» Motorcycles » Fantic Prepares to Dish the Dirt with the Launch of the Caballero
The EICMA show in Milan is a great event for putting the cat amongst the pigeons. If a motorcycle manufacturer wants to get feedback on a concept bike, the Italian show is where they bait the hook and see who bites. The Fantic Caballero is no exception in that sense, yet it is exceptional.
FANTIC CABALLERO: NUDGING INTO THE SPOTLIGHT
The Suzuki B-King was nudged into the spotlight in this way at EICMA, as was the V-Strom, not to mention Yamaha’s quirky but mega-cool MTO1. This venture is expensive and risky though, and success isn’t guaranteed; ask the Suzuki Falcorustyco!
Anyway, apart from Keanu Reeves’ high-speed hog and the gorgeous Brough Superior, the 2017 EICMA event saw several manufacturers stepping back from the cubic capacity race. This fact was particularly noticeable in the mid-size adventure class, where BMW and Triumph both showed off new models.
FANTIC CABALLERO 500 – A BLAST FROM THE PAST
In amongst all the glitz and glamour was a stand whose name is a pure blast from the past; Fantic. The company is currently enjoying its 50th anniversary, which is as good a time as any to launch their brand new baby, the Caballero. Offered in three engine sizes; 125, 250, 500cc and two models; the Scrambler and Flat Track.
Let’s take a look at the largest of the three, but before we do, there’s something you need to know. In 1972 Fantic launched a full-blown chopper with extended forks, peanut tank, king and queen seat, and a big back wheel. “So what!?” I hear you say, but listen to this, the engine was a 49cc 2-stroker! Sweet 16-year olds everywhere thought all their Christmases had come at once.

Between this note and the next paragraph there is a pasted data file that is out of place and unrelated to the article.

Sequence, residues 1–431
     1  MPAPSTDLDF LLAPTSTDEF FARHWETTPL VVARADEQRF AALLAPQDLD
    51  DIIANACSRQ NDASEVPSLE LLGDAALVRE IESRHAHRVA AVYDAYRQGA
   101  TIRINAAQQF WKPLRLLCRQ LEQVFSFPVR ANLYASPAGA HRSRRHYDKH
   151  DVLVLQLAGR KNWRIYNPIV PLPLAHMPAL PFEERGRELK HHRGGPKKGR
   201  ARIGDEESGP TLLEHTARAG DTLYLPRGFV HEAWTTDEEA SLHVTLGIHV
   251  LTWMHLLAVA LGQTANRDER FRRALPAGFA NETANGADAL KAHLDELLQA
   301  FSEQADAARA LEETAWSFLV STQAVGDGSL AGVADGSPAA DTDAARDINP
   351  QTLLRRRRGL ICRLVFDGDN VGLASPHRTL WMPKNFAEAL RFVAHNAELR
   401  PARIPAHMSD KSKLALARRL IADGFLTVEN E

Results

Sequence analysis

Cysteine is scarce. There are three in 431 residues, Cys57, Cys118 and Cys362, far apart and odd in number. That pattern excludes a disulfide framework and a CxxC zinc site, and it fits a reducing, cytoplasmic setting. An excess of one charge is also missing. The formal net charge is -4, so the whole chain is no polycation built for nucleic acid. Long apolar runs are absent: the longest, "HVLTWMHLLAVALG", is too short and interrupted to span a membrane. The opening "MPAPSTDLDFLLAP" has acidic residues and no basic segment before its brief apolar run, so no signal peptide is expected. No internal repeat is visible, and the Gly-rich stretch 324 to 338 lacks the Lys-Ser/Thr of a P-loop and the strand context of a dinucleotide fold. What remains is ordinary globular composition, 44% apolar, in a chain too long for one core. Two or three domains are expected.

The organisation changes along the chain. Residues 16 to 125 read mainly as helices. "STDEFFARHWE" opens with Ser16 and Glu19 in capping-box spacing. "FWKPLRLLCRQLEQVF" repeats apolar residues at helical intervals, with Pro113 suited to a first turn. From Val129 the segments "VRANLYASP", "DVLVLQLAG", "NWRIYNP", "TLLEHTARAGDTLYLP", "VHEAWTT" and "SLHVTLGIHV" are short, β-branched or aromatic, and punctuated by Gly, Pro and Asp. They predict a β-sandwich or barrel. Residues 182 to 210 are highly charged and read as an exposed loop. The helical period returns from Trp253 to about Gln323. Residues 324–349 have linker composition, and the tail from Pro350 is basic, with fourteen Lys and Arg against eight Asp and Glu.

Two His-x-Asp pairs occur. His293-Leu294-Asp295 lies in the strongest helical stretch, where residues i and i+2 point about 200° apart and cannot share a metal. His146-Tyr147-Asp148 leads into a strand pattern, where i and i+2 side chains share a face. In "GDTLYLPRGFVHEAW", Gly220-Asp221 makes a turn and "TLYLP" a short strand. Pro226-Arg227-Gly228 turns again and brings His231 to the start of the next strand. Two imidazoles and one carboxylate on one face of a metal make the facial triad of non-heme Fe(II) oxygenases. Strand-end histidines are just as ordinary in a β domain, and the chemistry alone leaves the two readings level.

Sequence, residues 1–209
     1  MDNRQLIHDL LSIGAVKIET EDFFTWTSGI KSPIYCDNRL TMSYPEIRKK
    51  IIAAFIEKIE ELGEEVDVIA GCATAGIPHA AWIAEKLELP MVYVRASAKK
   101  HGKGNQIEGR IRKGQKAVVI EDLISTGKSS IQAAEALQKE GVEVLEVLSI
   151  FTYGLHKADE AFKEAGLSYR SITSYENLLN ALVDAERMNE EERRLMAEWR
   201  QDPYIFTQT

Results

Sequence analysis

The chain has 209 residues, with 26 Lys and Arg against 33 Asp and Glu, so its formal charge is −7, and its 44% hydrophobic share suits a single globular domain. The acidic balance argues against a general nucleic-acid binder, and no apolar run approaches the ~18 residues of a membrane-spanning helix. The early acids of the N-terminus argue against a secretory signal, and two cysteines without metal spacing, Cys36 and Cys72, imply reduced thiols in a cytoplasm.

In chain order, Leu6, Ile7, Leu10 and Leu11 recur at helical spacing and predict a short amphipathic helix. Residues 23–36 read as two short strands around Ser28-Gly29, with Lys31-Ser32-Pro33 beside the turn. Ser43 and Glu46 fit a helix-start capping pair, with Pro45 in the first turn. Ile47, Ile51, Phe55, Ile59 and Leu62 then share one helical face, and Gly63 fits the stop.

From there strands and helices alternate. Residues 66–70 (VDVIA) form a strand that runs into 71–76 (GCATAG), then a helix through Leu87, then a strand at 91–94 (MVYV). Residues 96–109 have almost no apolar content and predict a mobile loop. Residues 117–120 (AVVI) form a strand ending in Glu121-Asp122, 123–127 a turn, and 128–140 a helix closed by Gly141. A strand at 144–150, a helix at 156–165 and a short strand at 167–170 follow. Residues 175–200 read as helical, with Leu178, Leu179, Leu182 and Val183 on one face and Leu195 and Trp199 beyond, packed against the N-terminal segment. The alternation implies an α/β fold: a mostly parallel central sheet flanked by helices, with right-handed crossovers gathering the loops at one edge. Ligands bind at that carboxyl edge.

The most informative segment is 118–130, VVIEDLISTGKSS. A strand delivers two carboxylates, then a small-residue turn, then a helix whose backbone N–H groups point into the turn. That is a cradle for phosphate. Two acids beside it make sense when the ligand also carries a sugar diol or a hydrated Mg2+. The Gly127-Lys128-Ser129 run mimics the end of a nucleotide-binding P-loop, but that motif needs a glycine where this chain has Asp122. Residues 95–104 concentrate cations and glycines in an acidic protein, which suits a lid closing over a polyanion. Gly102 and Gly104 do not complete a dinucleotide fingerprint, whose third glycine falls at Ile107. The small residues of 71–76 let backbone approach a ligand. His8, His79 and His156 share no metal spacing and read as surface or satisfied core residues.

The Original Caballero Scrambler
This same year also saw the launch of the 125cc Caballero Scrambler, which is how the current 500cc version acquired its name. Italians always enjoy a homegrown hero making a comeback – who shouted ‘Rocky?’. Nostalgia aside, the 500cc Scrambler and Flat Track are seriously handsome bikes.
Although both bikes appear to have an individual look and character, Fantic has pretty much carried this off with little more than a paint job and an updated seat.
A production-driven modular concept is clearly in evidence for both bikes. They share the same Chrome-Moly single downtube frame that splits into a twin cradle at the bottom. Suspension components are 41mm inverted forks with a vertical monoshock, adjustable for rebound on the back.
The 1 into 2 Arrow designed exhaust is common, as are the 2-channel ABS brakes, which can be disengaged. The Scrambler and Flat Track, built in Italy, both share the same engine, but the choice of power-plant may surprise you.
FANTIC CABALLERO POWER-PLANT
I’m not talking about the layout of the SOHC, fuel-injected, 4-valve single thumper. Or even the fact that Fantic has stretched poetic license close to breaking point by labelling the 450cc unit a 500. No, I’m referring to the fact that the engine produced by Zongshen to Fantic specification, is built in China.
Before you go stereotyping the power plant though, the Chinese brand is a regular winner of the China Superbike Championship and came second in the World Endurance Championships.
Convinced? I certainly am. Despite serious competition in this market sector from the likes of the Ducati Scrambler 800, BMW’s RnineT, and the Triumph Scrambler the Fantic Caballero remains a standout bike.
Pre-production models have been built and handed over to Italian journalists to mistreat and appear to have come through with flying colours. With a suggested price of £6199 (for the UK market), let’s hope that Fantic gets the Scrambler and Flat Track on the showroom floor before they lose too much momentum.
Meanwhile, if you want to see some Fantic scallywag slicing through twisties and vineyards, check out the Fantic website.